Exploits Discovery – This Year’s Exploration Focus At 3 Targets On The Appleton Fault in Newfoundland

May 31, 2022

Jeff Swinoga, President and CEO of Exploits Discovery (CSE:NFLD – OCTQX:NFLDF) joins us to share the 2022 exploration plans at the Company’s portfolio of Projects in Newfoundland. This year’s drilling and exploration will be focused on 3 key targets along the Appleton Fault, where New Found Gold and Labrador Gold have intersected high-grade gold, and 1 new target on the Valentine Fault. Exploits is the largest land holder in Newfoundland.


We have Jeff recap last year exploration results and how these are filtering in to this year’s program. We have Jeff outline why the focus this year will be on the Appleton Fault as well as provide more information on the Valentine Fault. Jeff joined as President and CEO of the Company in September of last year so this is the first drill program under his leadership.


If you have any follow up questions for Jeff please email us at and




Click here to visit the Exploits Discovery website and read over the recent news release highlighting this year’s exploration plans.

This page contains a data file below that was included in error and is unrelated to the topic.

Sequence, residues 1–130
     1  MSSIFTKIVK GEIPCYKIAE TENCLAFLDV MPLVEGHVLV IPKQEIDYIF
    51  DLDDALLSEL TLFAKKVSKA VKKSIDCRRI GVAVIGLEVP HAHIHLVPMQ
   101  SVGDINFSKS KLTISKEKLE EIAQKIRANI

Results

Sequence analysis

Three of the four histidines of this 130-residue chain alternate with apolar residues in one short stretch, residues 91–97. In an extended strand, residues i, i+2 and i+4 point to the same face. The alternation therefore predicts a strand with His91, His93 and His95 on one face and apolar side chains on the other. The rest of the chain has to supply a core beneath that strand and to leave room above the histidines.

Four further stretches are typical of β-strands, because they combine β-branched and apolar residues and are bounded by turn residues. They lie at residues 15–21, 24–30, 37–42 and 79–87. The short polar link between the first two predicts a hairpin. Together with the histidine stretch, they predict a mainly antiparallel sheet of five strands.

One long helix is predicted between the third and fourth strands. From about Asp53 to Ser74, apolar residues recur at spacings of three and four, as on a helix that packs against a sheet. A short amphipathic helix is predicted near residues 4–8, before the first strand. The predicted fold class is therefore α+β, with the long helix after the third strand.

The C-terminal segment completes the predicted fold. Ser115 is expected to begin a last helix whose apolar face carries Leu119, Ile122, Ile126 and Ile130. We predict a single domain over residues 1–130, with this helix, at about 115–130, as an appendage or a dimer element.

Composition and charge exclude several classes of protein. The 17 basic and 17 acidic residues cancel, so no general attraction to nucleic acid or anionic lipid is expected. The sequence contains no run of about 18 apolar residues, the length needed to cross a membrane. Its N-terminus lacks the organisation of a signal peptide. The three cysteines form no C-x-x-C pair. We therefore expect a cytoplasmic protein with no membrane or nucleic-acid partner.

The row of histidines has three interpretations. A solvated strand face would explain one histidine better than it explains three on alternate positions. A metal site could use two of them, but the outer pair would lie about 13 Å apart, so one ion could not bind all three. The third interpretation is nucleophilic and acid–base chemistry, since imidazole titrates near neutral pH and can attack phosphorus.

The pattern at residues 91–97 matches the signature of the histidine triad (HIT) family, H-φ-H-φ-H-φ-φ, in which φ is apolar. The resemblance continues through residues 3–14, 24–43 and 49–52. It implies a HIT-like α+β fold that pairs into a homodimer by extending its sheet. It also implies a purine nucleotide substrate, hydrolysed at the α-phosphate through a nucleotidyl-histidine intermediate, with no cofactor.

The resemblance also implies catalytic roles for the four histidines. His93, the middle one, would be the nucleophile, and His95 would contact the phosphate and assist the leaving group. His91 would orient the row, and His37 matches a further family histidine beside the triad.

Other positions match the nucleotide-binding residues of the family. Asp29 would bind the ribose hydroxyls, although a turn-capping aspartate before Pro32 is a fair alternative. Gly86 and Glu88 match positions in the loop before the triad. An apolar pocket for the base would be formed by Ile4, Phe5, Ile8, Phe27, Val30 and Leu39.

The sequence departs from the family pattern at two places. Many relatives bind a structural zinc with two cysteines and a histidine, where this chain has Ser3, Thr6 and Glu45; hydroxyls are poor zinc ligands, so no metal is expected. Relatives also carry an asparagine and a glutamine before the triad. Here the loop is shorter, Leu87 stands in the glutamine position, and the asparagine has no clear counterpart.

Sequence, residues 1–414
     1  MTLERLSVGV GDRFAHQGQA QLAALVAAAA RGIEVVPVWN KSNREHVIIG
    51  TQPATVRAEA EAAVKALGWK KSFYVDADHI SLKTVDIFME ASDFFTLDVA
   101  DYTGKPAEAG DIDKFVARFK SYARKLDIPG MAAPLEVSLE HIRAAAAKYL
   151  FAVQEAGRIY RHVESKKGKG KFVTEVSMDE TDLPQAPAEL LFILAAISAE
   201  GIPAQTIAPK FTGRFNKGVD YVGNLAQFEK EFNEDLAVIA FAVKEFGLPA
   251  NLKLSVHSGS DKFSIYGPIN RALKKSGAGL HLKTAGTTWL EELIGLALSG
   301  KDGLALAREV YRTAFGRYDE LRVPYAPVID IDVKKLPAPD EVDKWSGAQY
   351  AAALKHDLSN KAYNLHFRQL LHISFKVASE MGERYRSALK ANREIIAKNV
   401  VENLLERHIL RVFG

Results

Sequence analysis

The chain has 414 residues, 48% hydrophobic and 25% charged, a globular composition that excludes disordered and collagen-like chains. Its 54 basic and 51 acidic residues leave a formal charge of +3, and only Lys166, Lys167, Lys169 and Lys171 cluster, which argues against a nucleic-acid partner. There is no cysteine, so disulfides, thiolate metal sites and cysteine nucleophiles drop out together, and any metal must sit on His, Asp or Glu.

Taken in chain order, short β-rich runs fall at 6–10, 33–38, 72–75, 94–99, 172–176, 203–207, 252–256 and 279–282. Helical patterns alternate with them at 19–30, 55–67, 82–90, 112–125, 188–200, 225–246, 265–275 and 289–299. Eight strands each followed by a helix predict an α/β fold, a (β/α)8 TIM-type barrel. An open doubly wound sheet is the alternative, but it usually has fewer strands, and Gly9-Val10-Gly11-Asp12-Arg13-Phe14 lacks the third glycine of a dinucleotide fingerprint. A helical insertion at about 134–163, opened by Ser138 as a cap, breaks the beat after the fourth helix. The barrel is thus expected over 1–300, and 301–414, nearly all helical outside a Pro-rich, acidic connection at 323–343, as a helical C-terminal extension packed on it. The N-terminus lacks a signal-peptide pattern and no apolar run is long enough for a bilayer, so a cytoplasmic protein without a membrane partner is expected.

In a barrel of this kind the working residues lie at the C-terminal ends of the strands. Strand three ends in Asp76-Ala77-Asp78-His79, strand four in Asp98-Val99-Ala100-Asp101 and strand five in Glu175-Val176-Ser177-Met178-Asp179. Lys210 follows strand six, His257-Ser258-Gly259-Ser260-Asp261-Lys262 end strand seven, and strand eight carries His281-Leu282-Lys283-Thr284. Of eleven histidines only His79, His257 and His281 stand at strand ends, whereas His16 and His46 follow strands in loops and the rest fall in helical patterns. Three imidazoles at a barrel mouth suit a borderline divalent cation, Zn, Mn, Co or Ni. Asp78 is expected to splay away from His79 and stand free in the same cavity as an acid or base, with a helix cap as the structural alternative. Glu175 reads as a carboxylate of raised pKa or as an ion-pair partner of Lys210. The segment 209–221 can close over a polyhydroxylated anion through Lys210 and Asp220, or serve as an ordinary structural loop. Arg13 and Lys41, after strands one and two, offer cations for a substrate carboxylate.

May 31, 2022 31:34 AM

    Besides me is there anybody out there underwhelmed by the offer from Gold Fields for Yamana? I am sickened by the fact that Yamana’s board sold us out for so little. Yamana was a much better company without the jurisdictional risk that Gold Fields brings to the table. It pays a better dividend and doesn’t have the baggage that Gold Fields carries.

    If you want to know why no investors should be in the mining space then look no further than Yamana’s Board. You can’t buy right and sit tight in this sector because the Boards will sell you out at the first chance they get.

      May 31, 2022 31:29 PM

      Mike, I own both. Was set to be a long term holder of each.
      I guess it pays to go after mergers when the prices are lower than they should be.
      I expected much more from Yamana from a longer-term outlook.

      I believe Doc owns it as well. Not GoldFields, but rather Yamana. It’d be interesting to get his take too.

        May 31, 2022 31:57 PM

        I have to admit I’m not a fan of Gold Fields – way too much risk for a company at that tier. I already sold 1/3 of my position and moved it to Alamos Gold. Let’s see what tomorrow brings but I’ve learned that when companies like GFI, or AngloGold Ashanti for that matter, come calling it is best to run because shareholders will get the shaft. They are leaving or have left Africa for a reason and you don’t want to be around when it shows.

        More importantly I’m deeply disappointed Yamana’s board – they sold us all out.

          May 31, 2022 31:52 PM